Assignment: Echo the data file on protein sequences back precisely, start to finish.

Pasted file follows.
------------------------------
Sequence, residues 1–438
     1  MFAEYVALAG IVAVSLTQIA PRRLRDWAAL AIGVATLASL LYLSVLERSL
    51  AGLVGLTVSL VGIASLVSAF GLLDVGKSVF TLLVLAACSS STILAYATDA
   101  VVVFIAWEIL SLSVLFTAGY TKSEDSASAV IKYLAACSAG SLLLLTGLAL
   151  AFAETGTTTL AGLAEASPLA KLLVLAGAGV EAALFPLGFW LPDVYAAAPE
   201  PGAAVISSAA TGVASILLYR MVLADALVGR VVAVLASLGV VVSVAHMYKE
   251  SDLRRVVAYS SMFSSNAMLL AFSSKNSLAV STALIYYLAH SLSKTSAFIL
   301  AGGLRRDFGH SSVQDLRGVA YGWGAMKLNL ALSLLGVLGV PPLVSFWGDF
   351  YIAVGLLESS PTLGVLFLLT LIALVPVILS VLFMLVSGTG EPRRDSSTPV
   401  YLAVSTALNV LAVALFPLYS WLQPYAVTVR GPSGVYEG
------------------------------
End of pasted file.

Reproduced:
Sequence, residues 1–438
     1  MFAEYVALAG IVAVSLTQIA PRRLRDWAAL AIGVATLASL LYLSVLERSL
    51  AGLVGLTVSL VGIASLVSAF GLLDVGKSVF TLLVLAACSS STILAYATDA
   101  VVVFIAWEIL SLSVLFTAGY TKSEDSASAV IKYLAACSAG SLLLLTGLAL
   151  AFAETGTTTL AGLAEASPLA KLLVLAGAGV EAALFPLGFW LPDVYAAAPE
   201  PGAAVISSAA TGVASILLYR MVLADALVGR VVAVLASLGV VVSVAHMYKE
   251  SDLRRVVAYS SMFSSNAMLL AFSSKNSLAV STALIYYLAH SLSKTSAFIL
   301  AGGLRRDFGH SSVQDLRGVA YGWGAMKLNL ALSLLGVLGV PPLVSFWGDF
   351  YIAVGLLESS PTLGVLFLLT LIALVPVILS VLFMLVSGTG EPRRDSSTPV
   401  YLAVSTALNV LAVALFPLYS WLQPYAVTVR GPSGVYEG